A Hong Kong native of Korean descent who now lives in New York, Janice Y.K. Lee set her debut novel, “The Piano Teacher,” in the then-British colony in the 1940s and ‘50s. She deftly refracted events of the time through the personal stories of English and Eurasian expats and their devastating relationships with Japanese occupiers and, later, Chinese Hong Kong natives. In her second novel, “The Expatriates,” Lee again turns her power of observation on uprooted lives and how they converge and intersect within Hong Kong — this time in the present day.
As modern Hong Kong teems with locals and expatriates arriving daily from New York, London, Jakarta and Tokyo, the novel’s primary focus is on three women who live within the isolated, mostly American sector of the former British colony. The women’s lives are distant, but their troubles are relatable; this is popular fiction with an international lens.
Mercy Cho, a recent graduate of Columbia, arrived in Hong Kong on her own at 23 in the hopes of finding a job. Margaret Reade abandoned a landscape design practice in California to become the “trailing spouse” of husband Clarke, whose work as a senior executive with a U.S. multinational uprooted her and their children to a home in an exclusive Southside suburb. Hilary Starr, 38, has lived in the same “particularly homogeneous enclave of expatdom” with her attorney husband, David, for 10 years. Unable to conceive, Hilary is “test driving” an older mixed-race child who is invited from a local group home for weekly piano lessons and snacks.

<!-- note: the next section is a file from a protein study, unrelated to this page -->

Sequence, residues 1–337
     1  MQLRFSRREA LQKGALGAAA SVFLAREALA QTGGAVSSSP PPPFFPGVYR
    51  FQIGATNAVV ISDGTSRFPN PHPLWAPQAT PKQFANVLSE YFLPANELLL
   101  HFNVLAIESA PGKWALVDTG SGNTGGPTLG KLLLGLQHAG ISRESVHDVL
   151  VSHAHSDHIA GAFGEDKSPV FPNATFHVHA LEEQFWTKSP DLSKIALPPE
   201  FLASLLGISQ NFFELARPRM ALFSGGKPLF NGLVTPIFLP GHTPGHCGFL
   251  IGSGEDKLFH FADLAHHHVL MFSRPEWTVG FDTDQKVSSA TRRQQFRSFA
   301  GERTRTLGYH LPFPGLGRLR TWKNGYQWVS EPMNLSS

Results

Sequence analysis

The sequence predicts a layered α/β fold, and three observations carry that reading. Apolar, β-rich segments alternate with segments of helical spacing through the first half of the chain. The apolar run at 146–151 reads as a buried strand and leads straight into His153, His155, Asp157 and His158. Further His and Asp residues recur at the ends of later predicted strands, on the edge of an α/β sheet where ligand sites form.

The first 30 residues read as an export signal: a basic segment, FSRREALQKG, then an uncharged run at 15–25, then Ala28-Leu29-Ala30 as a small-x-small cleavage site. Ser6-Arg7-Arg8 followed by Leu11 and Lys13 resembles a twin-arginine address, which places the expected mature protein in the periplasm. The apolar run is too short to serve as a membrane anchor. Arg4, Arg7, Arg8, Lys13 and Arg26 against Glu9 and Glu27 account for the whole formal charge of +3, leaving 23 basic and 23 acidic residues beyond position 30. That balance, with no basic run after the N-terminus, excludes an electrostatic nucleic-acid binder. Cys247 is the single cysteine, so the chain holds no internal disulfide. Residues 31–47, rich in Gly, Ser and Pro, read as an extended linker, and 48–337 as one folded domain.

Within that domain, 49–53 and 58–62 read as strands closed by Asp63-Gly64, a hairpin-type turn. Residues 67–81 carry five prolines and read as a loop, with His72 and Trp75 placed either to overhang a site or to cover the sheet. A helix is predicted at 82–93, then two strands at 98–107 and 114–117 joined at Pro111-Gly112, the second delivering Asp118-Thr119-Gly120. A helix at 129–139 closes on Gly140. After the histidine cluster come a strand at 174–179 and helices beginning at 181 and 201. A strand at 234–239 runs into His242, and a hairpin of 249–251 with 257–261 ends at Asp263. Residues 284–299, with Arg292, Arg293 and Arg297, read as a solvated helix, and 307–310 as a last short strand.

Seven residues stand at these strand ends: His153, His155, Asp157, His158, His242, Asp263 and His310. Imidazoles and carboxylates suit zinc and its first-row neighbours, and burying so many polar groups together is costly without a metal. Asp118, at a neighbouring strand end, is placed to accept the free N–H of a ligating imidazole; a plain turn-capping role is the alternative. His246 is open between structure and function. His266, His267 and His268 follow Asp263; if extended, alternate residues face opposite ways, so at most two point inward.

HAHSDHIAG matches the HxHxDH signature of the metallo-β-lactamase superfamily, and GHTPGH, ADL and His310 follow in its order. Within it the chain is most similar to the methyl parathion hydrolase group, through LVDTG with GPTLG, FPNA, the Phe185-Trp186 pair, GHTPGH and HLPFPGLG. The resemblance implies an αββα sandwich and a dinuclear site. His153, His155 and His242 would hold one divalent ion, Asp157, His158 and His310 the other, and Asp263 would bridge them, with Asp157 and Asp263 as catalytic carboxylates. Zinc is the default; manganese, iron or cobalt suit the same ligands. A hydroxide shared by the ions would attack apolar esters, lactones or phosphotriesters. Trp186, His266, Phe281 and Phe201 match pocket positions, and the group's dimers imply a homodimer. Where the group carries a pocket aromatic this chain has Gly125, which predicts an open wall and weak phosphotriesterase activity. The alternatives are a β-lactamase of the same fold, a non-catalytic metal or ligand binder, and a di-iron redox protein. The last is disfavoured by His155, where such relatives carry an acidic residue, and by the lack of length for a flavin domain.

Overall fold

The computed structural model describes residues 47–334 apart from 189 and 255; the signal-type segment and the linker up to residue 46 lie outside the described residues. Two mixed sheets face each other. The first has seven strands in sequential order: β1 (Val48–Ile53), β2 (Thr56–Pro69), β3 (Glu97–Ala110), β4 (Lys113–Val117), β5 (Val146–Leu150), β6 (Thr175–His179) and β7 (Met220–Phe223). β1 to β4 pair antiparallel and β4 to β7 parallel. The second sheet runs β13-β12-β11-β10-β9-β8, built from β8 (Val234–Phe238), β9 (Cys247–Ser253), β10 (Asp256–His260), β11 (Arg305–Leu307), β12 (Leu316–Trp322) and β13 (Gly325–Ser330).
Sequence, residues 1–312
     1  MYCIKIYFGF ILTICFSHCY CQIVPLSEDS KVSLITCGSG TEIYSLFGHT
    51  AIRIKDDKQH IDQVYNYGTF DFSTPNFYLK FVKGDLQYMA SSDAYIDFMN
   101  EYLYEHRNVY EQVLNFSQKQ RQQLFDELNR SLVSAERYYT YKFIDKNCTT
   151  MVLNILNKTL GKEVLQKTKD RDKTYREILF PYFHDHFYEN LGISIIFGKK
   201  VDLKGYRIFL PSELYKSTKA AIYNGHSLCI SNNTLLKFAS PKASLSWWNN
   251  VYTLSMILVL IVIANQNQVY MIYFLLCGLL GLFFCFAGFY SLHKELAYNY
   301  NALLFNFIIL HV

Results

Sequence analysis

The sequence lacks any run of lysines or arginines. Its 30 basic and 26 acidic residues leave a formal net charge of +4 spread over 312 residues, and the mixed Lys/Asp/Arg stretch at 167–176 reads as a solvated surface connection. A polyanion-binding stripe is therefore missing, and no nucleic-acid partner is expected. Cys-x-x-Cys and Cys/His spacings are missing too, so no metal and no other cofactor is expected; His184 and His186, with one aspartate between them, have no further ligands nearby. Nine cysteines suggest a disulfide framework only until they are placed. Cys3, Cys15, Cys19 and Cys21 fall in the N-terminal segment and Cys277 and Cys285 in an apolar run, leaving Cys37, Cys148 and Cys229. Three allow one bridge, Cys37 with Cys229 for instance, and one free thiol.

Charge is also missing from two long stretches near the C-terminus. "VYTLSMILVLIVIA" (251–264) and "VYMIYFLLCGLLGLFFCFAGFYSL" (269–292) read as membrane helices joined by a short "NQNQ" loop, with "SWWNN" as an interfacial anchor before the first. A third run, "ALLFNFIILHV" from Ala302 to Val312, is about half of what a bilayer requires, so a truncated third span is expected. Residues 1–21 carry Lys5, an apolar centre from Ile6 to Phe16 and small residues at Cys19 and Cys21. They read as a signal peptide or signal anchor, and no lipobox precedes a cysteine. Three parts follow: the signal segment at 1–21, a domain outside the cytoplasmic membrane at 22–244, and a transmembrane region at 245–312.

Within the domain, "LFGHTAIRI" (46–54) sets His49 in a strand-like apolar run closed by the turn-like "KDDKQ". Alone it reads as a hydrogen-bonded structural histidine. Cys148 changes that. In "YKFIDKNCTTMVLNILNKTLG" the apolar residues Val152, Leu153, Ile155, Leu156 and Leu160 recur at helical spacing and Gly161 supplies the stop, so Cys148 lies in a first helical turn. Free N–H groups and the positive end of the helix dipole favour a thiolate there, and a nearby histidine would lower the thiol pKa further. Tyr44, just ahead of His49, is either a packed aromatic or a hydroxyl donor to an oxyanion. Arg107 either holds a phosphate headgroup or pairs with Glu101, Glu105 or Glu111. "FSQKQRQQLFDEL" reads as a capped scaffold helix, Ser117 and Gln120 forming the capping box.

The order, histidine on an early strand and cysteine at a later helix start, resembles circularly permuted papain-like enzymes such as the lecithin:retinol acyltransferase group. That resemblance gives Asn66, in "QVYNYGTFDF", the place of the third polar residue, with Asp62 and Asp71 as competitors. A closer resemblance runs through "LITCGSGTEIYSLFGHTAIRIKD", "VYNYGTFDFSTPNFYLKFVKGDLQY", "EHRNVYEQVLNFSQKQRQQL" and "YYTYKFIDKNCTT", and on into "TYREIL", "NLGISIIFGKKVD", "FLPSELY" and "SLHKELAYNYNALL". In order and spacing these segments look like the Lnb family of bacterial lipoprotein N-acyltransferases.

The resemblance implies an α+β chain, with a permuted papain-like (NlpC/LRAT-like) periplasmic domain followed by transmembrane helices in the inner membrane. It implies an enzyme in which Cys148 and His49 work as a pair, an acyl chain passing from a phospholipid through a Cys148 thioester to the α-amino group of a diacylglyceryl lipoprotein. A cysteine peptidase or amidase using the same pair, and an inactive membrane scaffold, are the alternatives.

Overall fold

Despite living in a now-Chinese territory of 7 million, residents of the American section of Hong Kong are thoroughly isolated, cosseted by the outsize perks of their expat lives, which lets them feel entitled to “be louder, demand more, because they were somehow above — really better than — the locals.” It’s a community where everyone knows one another, bound together by white privilege or attempts to attain it.
Mercy, the Queens-born daughter of an unsuccessful Korean businessman, has always been acutely aware of the racial and class divides among her friends and has been unable, post-graduation, to leverage her contacts into a meaningful job. The move to Hong Kong was supposed to change her luck, so when Mercy meets Margaret at a birthday party for a Korean Columbia alum married to an American, it seems to be coming true. Does Margaret, mixed-race Korean herself, sense a kinship with Mercy or does she just want a younger American to entertain and care for her three children? Regardless, Mercy is grateful for the attention — and the money she’s paid for being a nanny — until she accompanies the family on a fateful vacation to Korea. Afterward, Mercy lives in guilty, near-anorexic isolation on the outskirts of the Central district while Margaret is so unhinged that she rents and begins to visit a secret apartment, trying to find solace amid tragedy.
One chief pleasure of “The Expatriates” is watching how the lives of Hilary, Mercy and Margaret converge and are changed by that convergence, and how they each metabolize grief.
Although separated by decades, “The Expatriates” continues themes Lee first explored in “The Piano Teacher,” creating a fictional continuum in the changing city of Hong Kong and the people who are forced by circumstance and geography to change with it.
Janice Y.K. Lee
Viking: 336 pp., $27
Woods is the editor of several anthologies and four novels in the Charlotte Justice mystery series.